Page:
Posted By News On July 29, 2015 - 2:29pm
This week’s New York Magazine surely has its most poignant cover ever, in a piece of remarkable journalism. With the caption: “the unwelcome sisterhood”, the cover shows black and white photographs of 35 of the 46 women whose sexual assault allegations against Bill Cosby span five decades.
Posted By News On July 29, 2015 - 12:34am
There’s been a lot of talk about killing feral cats, with the government’s recently announced war on cats setting the goal of killing two million by 2020.
On The Conversation last week, Katherine Moseby and John Read explained several different ways to control feral cats, including baiting.
But we would like to offer a different idea: let’s embrace cats as part of Australia’s environment. We could even rename them “Australian wildcats”. Let us explain.
Posted By News On July 27, 2015 - 4:29pm
Antonio Aledo, Professor of Sociology at the University of Alicante, warns that "because of real estate speculation and the management of public budgets based on income from the real estate business, seismic risk has been forgotten." Taking as reference the town of Torrevieja, where one of the biggest earthquakes in the province of Alicante took place in 1829 with more than 389 dead and 209 wounded, the professor has published an article on seismic risk in tourist destinations since "the technological solutions proposed in its Local Action Plan against earthquakes does not seem enough," he say
Posted By News On July 31, 2015 - 2:59pm
The desire to quit smoking--often considered a requirement for enrolling in treatment programs--is not always necessary to reduce cigarette cravings, argues a review of addiction research published July 30 in Trends in Cognitive Sciences. Early evidence suggests that exercises aimed at increasing self-control, such as mindfulness meditation, can decrease the unconscious influences that motivate a person to smoke.
Posted By News On July 31, 2015 - 12:11pm
There are concerns in America about the ability of patients who are not wealthy, connected elites to get prompt medical care in an Obamacare future. In the past, the government was the great equalizer because they trumped insurance companies, but now the government is the insurance company and there is greater worry about have and have nots. Especially when it comes to prompt treatment.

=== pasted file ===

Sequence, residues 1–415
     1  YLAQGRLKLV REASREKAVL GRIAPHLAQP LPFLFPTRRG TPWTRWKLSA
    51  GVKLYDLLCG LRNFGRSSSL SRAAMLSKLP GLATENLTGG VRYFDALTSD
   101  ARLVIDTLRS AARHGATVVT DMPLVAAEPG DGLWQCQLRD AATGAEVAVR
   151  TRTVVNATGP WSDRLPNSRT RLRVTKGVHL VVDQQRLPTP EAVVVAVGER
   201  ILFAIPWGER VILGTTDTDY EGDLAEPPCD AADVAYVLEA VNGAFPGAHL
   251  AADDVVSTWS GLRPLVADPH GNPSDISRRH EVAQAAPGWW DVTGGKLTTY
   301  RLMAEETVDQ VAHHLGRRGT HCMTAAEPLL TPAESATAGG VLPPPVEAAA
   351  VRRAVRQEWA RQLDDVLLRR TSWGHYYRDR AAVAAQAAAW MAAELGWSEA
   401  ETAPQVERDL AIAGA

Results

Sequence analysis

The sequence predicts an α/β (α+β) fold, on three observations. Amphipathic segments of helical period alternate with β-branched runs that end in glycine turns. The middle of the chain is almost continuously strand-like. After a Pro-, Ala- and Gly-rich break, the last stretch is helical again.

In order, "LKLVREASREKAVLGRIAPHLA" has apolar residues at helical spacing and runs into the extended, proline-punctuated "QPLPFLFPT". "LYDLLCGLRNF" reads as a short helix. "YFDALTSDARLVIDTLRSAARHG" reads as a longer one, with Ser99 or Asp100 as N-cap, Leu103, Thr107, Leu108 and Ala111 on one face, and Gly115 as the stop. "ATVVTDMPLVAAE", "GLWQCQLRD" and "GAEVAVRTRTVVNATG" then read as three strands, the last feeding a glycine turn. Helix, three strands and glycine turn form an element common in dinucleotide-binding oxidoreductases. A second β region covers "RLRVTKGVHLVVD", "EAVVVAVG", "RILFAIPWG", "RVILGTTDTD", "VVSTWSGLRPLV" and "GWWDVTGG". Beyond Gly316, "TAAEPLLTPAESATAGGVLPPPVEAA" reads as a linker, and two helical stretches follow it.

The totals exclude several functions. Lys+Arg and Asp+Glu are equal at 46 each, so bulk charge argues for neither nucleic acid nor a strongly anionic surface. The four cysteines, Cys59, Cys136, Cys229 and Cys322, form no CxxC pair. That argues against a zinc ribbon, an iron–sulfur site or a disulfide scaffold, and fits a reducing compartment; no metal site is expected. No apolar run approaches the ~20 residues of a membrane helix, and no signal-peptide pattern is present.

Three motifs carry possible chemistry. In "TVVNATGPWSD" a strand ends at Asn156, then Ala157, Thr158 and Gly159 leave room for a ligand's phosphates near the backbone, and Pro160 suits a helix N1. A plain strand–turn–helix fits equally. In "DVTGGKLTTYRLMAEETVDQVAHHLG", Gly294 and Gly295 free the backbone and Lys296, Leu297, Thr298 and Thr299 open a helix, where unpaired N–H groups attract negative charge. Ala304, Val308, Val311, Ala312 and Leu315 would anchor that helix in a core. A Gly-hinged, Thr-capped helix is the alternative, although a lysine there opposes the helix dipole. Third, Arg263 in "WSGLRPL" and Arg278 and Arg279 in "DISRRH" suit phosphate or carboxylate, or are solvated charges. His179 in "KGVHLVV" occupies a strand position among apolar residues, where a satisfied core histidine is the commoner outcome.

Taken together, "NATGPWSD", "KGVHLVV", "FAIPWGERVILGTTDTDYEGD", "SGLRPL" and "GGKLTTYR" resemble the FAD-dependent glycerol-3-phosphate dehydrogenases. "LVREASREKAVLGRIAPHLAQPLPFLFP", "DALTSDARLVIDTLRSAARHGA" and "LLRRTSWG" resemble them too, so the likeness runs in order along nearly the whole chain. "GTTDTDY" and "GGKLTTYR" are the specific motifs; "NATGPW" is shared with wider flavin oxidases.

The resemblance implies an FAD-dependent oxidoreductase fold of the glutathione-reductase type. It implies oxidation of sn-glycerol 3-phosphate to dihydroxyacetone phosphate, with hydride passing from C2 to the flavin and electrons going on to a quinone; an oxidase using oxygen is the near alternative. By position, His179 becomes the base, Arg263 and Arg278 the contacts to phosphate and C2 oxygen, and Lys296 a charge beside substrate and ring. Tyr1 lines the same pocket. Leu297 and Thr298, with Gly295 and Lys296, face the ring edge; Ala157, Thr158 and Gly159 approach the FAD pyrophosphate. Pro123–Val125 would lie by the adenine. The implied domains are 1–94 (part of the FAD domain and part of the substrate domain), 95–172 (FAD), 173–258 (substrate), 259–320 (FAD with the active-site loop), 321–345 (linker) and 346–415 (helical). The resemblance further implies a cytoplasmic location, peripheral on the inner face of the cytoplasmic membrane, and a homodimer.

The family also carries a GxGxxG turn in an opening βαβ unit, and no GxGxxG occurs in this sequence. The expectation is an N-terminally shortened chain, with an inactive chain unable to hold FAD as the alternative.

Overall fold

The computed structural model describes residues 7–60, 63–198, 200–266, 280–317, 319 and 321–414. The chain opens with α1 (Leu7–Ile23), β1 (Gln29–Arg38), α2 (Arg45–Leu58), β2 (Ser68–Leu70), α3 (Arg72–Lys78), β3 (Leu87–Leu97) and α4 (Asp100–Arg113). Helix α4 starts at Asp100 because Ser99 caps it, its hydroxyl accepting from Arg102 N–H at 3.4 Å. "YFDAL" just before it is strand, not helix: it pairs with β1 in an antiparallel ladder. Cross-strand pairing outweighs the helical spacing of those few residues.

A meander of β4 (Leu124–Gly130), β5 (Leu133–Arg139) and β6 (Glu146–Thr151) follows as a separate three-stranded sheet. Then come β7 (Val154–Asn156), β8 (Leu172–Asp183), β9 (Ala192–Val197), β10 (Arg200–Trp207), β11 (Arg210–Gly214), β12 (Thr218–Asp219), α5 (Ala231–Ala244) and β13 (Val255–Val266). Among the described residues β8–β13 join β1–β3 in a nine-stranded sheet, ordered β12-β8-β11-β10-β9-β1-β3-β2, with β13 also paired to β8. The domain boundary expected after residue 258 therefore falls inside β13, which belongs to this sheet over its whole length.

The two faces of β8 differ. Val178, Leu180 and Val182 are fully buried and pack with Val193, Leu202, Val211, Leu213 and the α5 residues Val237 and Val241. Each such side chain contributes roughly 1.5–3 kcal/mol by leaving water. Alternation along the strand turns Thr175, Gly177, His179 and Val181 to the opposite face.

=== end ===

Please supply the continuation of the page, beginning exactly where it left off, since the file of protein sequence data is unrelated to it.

Posted By News On July 30, 2015 - 11:11pm
On the 70th anniversary of the atomic bombs in Hiroshima and Nagasaki, a three-part Series published in The Lancet looks at the enduring radiological and psychological impact of nuclear disasters, including the most recent accident at the Fukushima Daiichi nuclear power plant in Japan in 2011. The Series provides vital information for the public health planning of future disasters to protect the millions of people who live in areas surrounding the 437 nuclear power plants that are in operation worldwide.
Posted By News On July 30, 2015 - 2:29pm
Following the BMA's call for a 20% sugar tax to subsidise the cost of fruit and vegetables, experts in The BMJ this week debate whether a sugar tax could help combat obesity.
Sirpa Sarlio-Lähteenkorva, adviser at the Ministry of Social Affairs and Health in Finland, says that a specific tax on sugar would reduce consumption. "Increasing evidence suggests that taxes on soft drinks, sugar, and snacks can change diets and improve health, especially in lower socioeconomic groups," she writes.
Posted By News On July 30, 2015 - 4:30am
Recent research has shown that racial segregation in the U.S. is declining between neighborhoods, and sociologists have been scrambling to find new ways to see discrimination. They believe that have found it, in micro-segregation, like when gay people complain that straight people move into their neighborhoods, or when suburban communities are separate from other communities and think they are better because of things like schools.
Posted By News On July 27, 2015 - 11:00pm
Babies born very premature or severely underweight are at heightened risk of becoming introverted, neurotic, and risk averse as adults, indicates research published online in the Archives of Disease in Childhood (Fetal & Neonatal Edition).
This personality profile may help to explain the higher rates of career and relationship difficulties experienced by this group as adults, suggest the researchers.
Posted By News On July 27, 2015 - 11:00pm
Depression and personality disorders are the most common diagnoses among Belgian psychiatric patients requesting help to die, on the grounds of unbearable suffering, finds research published in the online journal BMJ Open.
Drugs, given either by mouth or administered intravenously, are used to perform euthanasia in Belgium, where the practice has been legal since 2002.
The researchers wanted to find out if there were any discernible patterns in requests for euthanasia among mentally ill patients in Belgium in a bid to inform recommendations for future research.